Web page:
Data is the digital residue of the world in motion, of people living, working, and playing. It drives and is produced by business, science, technology, sports, and so many other human activities we don’t immediately associate with data, including art.
Data is valuable because it tells billions of stories — stories within stories. Imagine Big Data as a massive human novel-in-progress, and we are all characters in it. If each word is one byte of data, then the world produces 2.5 quintillion words a day. That’s a word count equivalent to writing Tolstoy’s War and Peace about 1.7 trillion times a day, or 19,707,697 times per second. Let that sink in.
Everywhere, data flows and accumulates. But, of course, that’s not the end of it.
You’ve got data. Now what? It’s time to analyze, interpret, and translate.
Now you need to find the stories within the data. You’ve got the raw material, the words and maybe some sentences and paragraphs, but none of that makes any cohesive sense yet. No one could pick a scene out of that mountain range of verbiage.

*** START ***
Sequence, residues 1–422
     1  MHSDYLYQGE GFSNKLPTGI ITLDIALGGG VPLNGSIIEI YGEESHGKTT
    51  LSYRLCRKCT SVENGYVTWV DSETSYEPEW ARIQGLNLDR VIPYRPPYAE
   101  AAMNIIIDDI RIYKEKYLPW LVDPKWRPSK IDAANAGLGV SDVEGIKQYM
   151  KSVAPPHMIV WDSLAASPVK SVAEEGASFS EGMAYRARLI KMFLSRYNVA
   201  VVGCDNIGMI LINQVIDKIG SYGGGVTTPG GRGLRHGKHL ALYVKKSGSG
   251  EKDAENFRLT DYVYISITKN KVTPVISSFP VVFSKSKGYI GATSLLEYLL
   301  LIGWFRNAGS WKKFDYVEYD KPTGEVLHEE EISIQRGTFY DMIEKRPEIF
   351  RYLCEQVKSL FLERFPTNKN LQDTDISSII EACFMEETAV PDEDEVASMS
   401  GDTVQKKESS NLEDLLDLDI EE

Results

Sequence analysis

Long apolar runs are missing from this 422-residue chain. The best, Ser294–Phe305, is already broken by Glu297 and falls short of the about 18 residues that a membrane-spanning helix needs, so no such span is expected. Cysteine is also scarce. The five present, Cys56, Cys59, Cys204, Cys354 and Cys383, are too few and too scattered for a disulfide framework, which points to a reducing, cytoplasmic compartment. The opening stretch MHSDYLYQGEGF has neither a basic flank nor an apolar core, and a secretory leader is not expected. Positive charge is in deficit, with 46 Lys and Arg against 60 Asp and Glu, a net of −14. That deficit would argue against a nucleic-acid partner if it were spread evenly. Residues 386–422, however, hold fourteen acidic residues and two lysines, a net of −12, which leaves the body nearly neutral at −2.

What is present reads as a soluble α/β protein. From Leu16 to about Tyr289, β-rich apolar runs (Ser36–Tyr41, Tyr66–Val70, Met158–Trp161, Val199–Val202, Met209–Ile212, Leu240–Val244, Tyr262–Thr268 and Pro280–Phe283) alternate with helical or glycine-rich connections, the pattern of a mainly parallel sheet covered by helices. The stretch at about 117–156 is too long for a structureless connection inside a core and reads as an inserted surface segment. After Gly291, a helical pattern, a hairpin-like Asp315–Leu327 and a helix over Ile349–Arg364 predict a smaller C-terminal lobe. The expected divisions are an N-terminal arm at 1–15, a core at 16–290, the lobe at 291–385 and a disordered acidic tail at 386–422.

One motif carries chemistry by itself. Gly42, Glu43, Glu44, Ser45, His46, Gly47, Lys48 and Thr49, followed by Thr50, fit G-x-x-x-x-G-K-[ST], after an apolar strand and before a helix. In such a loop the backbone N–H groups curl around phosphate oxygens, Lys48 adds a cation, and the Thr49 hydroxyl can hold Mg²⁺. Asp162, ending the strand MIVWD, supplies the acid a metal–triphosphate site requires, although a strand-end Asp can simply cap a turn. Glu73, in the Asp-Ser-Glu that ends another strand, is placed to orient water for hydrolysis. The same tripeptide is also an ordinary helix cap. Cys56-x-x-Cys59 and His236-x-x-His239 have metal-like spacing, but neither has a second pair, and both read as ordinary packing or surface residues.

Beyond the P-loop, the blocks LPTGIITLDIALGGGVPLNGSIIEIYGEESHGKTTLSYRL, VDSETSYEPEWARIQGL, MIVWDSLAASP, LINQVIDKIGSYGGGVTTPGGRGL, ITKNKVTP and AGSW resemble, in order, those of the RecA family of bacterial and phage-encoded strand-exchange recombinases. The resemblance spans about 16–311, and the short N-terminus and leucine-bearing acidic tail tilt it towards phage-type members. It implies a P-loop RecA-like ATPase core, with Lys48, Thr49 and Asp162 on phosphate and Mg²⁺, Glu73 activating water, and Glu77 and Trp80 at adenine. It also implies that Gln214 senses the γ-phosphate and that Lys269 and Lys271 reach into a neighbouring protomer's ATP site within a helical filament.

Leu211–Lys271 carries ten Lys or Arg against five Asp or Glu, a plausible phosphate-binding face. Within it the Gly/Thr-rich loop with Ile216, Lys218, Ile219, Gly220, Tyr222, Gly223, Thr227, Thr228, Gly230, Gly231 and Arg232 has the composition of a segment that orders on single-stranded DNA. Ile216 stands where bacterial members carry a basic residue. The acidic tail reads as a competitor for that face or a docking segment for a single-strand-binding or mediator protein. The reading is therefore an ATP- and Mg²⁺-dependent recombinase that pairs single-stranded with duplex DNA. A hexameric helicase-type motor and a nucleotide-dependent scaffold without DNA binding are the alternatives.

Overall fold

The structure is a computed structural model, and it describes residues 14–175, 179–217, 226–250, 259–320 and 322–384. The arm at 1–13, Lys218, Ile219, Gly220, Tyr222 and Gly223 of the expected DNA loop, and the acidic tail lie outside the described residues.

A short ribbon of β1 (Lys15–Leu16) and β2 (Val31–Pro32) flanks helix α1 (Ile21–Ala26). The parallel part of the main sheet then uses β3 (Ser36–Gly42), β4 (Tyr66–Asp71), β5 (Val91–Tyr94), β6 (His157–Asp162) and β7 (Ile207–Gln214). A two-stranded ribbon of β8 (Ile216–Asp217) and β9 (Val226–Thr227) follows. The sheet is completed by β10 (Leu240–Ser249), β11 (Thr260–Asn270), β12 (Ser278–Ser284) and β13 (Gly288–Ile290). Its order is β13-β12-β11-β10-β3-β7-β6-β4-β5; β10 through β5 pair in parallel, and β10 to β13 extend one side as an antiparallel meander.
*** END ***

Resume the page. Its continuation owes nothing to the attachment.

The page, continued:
Once you get that data, how do you make it work for you? While goals, audiences, and strategies vary by company, data visualization organizes information for quick and easy understanding across functions, industries, and even cultures.
In the same way that memes do so much work with an image and maybe a line or two of text, a graph can be worth a table of a million numbers.
Relationships between data sets become clear in seconds compared to hours of poring over the same information arranged in tables and spreadsheets, and still missing key trends, patterns, and connections.
Assemble the story before it’s too late
On January 28, 1986, the space shuttle Challenger exploded shortly after launch. During the investigation, it was discovered that colder temperatures compromised the integrity of the O-rings, which had become brittle and failed, leading to the explosion. Although engineers had gathered data and presented various data sets in several tables, key data sets of temperature and O-ring failure rates had not been shown in relation to each other. Experts had the data they needed but had not organized it visually, and missed the insight they needed when they needed it to make a decision that would have saved lives.